Upon their return the truce at Pylos instantly came to an end, and the Lacedaemonians demanded back their ships according to the agreement. But the Athenians accused them of making an assault upon the fort, and of some other petty infractions of the treaty which seemed hardly worth mentioning. Accordingly1
they refused to restore them, insisting upon the clause which said that if 'in any particular, however slight,' the agreement were violated, the treaty was to be at an end.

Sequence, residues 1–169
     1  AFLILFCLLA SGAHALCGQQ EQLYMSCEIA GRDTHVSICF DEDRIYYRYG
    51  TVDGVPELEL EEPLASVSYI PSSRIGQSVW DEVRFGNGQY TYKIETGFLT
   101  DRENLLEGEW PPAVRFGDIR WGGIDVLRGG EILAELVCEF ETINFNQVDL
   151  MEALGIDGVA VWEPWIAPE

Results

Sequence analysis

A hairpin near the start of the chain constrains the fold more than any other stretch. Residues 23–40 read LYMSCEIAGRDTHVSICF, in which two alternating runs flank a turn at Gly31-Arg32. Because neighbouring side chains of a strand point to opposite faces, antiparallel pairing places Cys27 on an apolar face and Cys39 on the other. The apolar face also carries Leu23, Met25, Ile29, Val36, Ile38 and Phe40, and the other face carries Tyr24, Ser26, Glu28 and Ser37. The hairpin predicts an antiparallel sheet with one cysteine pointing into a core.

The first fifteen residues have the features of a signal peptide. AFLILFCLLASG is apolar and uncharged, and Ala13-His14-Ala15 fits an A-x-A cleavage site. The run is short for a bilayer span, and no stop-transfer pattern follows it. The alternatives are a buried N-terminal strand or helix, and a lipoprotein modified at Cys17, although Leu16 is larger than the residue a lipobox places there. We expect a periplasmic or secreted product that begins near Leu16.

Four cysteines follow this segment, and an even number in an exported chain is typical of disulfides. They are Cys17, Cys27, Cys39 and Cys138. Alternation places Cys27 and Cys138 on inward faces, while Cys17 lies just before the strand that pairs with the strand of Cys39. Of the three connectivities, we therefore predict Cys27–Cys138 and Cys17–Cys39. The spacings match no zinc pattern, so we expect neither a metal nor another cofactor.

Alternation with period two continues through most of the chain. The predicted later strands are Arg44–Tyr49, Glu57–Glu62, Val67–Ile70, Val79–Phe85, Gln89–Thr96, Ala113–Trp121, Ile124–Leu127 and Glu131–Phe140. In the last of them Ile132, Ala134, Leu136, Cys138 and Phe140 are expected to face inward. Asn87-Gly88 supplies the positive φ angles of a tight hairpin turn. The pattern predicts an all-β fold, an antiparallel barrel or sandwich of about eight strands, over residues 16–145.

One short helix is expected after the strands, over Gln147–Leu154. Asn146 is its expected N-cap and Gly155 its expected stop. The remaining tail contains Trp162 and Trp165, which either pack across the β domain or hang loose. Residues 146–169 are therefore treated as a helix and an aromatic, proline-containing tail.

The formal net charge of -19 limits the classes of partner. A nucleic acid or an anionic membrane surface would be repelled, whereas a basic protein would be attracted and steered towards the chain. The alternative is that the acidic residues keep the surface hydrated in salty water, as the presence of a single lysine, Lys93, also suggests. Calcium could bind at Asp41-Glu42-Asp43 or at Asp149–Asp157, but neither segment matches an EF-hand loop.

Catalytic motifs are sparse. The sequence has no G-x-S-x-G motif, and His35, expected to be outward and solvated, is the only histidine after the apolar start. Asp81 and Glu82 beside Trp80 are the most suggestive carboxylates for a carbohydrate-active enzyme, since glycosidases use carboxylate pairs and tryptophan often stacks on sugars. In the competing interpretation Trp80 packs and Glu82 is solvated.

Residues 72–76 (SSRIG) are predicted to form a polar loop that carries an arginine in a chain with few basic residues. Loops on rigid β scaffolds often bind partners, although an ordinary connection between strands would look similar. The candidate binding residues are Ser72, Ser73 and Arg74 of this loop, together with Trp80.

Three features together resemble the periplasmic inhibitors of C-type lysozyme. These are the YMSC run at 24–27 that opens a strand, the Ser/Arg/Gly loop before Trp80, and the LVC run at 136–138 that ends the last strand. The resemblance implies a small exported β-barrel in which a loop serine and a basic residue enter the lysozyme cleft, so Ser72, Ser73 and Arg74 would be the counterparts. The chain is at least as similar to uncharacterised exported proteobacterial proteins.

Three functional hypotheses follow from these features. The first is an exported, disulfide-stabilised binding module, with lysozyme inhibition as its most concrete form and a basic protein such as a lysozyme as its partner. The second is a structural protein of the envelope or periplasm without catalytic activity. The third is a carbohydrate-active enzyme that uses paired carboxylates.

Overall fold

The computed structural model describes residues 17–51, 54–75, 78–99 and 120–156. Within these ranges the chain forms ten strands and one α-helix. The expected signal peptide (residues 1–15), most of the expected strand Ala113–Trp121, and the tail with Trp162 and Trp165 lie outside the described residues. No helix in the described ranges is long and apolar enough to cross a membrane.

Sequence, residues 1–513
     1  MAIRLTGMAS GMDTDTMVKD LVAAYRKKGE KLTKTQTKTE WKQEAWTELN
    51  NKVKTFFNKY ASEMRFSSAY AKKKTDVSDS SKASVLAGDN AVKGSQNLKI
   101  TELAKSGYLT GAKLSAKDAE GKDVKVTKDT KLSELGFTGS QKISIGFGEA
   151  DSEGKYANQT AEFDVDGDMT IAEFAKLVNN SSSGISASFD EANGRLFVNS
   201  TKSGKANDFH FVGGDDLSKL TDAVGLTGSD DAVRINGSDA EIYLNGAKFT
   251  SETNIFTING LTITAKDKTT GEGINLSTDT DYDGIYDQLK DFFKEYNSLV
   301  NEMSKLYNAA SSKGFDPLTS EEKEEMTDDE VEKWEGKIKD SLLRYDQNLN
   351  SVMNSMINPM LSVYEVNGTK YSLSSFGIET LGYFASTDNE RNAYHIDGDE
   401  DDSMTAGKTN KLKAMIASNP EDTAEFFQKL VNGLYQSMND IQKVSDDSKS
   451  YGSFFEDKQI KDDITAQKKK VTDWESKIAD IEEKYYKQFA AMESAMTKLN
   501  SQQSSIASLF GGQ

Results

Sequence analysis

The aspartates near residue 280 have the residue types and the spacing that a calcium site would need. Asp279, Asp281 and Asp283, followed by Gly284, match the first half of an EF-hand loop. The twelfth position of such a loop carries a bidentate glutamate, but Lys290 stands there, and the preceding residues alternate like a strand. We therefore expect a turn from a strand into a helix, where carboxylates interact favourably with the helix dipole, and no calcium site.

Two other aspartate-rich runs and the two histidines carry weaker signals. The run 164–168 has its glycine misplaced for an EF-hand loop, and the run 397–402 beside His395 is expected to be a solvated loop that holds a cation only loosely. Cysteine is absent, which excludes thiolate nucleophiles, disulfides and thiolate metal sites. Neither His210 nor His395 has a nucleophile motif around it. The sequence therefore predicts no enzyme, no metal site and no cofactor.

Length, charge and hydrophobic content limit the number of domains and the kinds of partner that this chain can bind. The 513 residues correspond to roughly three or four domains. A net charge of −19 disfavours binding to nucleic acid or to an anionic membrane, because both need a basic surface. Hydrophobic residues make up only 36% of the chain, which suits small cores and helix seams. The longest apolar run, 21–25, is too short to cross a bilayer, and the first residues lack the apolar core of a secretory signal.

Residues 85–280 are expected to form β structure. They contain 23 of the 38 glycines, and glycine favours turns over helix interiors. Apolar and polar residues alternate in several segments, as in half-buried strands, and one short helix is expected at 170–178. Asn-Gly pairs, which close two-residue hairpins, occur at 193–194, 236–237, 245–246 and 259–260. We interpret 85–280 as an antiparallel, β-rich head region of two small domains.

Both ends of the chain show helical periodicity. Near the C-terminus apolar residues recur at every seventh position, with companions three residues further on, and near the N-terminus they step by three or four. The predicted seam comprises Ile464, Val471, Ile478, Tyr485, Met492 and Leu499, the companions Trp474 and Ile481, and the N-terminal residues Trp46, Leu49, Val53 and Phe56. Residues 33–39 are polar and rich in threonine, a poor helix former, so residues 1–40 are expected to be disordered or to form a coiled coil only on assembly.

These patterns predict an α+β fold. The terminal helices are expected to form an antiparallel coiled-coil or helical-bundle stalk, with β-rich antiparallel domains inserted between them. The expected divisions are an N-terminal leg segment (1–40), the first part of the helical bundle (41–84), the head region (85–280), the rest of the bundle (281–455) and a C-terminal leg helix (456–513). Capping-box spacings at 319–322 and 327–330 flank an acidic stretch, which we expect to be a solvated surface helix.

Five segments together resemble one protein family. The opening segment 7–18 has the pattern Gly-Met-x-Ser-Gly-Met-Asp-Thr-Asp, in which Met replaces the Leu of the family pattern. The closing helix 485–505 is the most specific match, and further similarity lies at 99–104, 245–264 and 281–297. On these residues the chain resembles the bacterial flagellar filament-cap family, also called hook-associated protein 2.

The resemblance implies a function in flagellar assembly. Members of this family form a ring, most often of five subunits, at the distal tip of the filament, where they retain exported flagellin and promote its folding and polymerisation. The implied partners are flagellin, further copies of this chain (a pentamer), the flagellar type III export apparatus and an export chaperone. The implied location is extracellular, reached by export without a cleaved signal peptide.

The Lacedaemonians remonstrated, and went away protesting against the injustice of detaining their ships. Both parties then renewed the war at Pylos with the utmost vigour. The Athenians had two triremes sailing round Sphacteria in opposite directions throughout the day, and at night their whole fleet was moored about the island, except on the side towards the sea when the wind was high. Twenty additional ships had come from Athens to assist in the blockade, so that the entire number was seventy. The Peloponnesians lay encamped on the mainland and made assaults upon the fort, watching for any opportunity which might present itself of rescuing their men.